Since development in the late 1930's zinc-rich primers have been considered optimum anti-corrosion coatings on iron or steel substrates. However, numerous problems have restricted their use generally to maintenance type rather than industrial type primers. This limitation is due to the nature of the anti-corrosion reaction of the zinc dust. As explained in Schering Industrial Chemicals: Surface Preparation I, page 29:

"Zinc powder in rust inhibiting paints has a different mode of action than the usual rust inhibiting pigments. The action is based on an electrochemical interaction between the zinc powder and the steel substrate it is meant to protect. In order not to insulate the various pigment particles from each other it is therefore necessary to work with very little binder. A satisfactory corrosion protection is only achieved when the pigment:binder ratio is at least 92:8 (optimum 95:5). The maximum recommended film thickness is about 50 um."

This high zinc to binder ratio required to provide effective cathodic protection has been accepted by the entire coating industry.

The high zinc level and the relatively high density of zinc powder often cause undesirable settling during short term storage. Hence, the zinc powder is often added just prior to application and mixed rapidly during application to prevent settling and clogging of spray equipment. This is a deterrent to efficient field use.

Single component soft settling zinc dust formulations do not utilize binders with low water vapor transmission properties, thereby greatly reducing the optimum qualities which could be provided by coreacted hydrophobic systems such as epoxy, phenoxy and vinyl polymers.

A somewhat lower zinc content is disclosed in U.S. Pat. No. 3,998,771, issued December, 1976 to T. J. Feneis, Jr. et al, which describes water-based coating compositions for application on iron supports to obtain anticorrosive coatings which include in a single phase composition:

(a) about 2% to 10% by weight of a non-volatile, liquid epoxy resin, with low viscosity, derived from bisphenol A and an epihalohydrin, for example, epichlorohydrin;

(b) about 2% to 10% by weight of a modified polyamide, i.e., an addition product of a water soluble polyamide and a liquid epoxy resin; and

(c) about 55 to 70% by weight of a zinc-powder pigment having an average particle size of about 2-15 microns.

U.S. Pat. No. 4,417,007, issued November 1983 to G. A. Salensky et al, discloses a one phase composition containing from about 4% to 25% by weight epoxy or phenoxy resin binder and polyamine hardener, about 43% to 90% by weight zinc dust, about 3% to 38% by weight Mn3 O4 fume pigment, up to 35% by weight additional pigments including pigment extenders and fillers (such as talc, clays, diatomaceous silica and silica), up to 5% by weight pigment suspension agent (such as hydrous magnesium silicate and lecithin), and balance organic solvents. A 1:1 volume ratio of zinc dust:Mn3 O4 is preferred.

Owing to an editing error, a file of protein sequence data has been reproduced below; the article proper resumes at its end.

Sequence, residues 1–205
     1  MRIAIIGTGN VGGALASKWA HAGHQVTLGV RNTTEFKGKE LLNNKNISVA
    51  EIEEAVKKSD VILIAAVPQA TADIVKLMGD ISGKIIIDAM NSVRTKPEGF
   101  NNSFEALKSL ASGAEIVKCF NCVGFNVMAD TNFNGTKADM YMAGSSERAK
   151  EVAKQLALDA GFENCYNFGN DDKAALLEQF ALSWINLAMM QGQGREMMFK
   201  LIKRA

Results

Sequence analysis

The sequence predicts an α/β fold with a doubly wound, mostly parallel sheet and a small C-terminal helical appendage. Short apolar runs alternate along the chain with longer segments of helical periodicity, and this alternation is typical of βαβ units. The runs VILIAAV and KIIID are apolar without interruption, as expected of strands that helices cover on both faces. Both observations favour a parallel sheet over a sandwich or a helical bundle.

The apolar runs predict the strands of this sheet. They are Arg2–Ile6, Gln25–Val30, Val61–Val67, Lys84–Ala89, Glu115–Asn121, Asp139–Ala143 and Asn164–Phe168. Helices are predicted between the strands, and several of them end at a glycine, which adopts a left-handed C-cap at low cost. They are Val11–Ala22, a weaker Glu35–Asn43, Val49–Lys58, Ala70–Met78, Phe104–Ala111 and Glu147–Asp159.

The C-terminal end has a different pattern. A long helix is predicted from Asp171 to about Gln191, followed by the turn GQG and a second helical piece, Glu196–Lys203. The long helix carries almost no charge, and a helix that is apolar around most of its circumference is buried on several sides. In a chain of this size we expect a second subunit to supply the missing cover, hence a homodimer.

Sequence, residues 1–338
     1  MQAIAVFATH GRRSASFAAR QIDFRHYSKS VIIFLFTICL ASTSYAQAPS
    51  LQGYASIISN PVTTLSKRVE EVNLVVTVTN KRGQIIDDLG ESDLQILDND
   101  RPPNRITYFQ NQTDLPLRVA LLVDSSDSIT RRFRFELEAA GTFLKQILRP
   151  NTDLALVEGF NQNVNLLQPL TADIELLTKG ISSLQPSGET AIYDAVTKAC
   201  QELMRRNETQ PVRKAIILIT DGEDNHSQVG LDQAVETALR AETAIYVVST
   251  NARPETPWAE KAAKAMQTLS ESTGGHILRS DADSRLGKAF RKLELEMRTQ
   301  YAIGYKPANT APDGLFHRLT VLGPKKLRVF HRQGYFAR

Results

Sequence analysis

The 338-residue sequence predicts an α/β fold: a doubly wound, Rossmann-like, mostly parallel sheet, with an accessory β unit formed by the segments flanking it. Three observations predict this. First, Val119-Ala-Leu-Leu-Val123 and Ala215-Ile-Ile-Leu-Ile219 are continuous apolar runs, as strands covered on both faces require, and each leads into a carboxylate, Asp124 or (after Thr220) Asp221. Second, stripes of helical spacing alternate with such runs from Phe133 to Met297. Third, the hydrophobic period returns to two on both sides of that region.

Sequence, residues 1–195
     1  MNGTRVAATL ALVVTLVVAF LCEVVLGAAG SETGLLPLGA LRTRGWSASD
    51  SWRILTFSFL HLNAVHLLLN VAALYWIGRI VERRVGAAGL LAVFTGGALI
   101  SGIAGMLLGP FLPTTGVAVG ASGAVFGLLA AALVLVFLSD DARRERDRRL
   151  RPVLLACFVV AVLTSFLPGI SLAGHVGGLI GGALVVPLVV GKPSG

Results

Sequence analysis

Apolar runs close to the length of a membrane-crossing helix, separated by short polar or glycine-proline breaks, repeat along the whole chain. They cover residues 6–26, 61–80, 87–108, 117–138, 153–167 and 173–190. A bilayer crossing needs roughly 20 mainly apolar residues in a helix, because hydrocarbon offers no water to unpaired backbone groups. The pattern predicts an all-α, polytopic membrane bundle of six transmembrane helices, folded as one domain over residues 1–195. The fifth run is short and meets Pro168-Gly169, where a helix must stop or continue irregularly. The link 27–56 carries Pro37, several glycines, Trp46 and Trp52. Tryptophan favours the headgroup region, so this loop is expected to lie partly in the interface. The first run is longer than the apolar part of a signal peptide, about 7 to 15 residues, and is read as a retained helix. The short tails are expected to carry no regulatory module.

However, although these epoxy resin-based coatings for metallic or non-metallic substrates have very appreciably improved the useful life of the substrates, it has been found that the best coatings proposed by the prior art still exhibit major disadvantages which are manifested, for example, by blisters, separation from the substrate to be protected, evidence of poor adhesion and/or of premature corrosion, thus requiring frequent restoration of the protective coating.

Anti-corrosive coating compositions of the type having a very high zinc content are described in the book ZINC DUST AND POWDER: THEIR PRODUCTION, PROPERTIES AND APPLICATIONS, C. Bradford, Hafford et al, First Edition, May 1982, published by International Lead Zinc Research Organization, Inc., 292 Madison Avenue, N.Y. 10017 pages 90-91. Such anti-corrosive coating compositions with very high contents of zinc powder have the reputation of permitting production of protective films equivalent to an anodic metallic coating. In order to accomplish this, these compositions contain from about 80 to 95% by weight, based on the total weight, of zinc powder, less than 1.8% by weight of a pigment suspension agent (pyrogenous silica) and accordingly, a very low content of binder, i.e. of film-forming polymers. This low binder content is considered an advantage by those skilled in the art, since an excess would, in the dried coating, isolate the metallic grains from each other and also from the substrate to be protected. It is considered that contact of the metallic grains with the substrate must be perfect, according to Volume II: Peinteures et Vernis (Paints and Varnishes) by P. Grandou and P. Pastour--1982 Edition, published by Hermann, Paris, page 39.

Performance of Zinc Dust in an Epoxy Polyamide Coating, by T. K. Jones, published by Matthiessen & Hegler Zinc Co. (publication date unknown) summarizes tests performed on coatings containing from about 70% to 95% by weight powdered zinc in an epoxy resin-polyamide binder. The binder system was the conventional two-component type wherein part A contained zinc dust, epoxy resin, polyamide resin, minor amounts of bentonite, urea-formaldehyde resin and silica gel, and solvents; and part B contained a polyamide hardening agent and solvents. Optimum results were obtained with 0% to 95% zinc dust.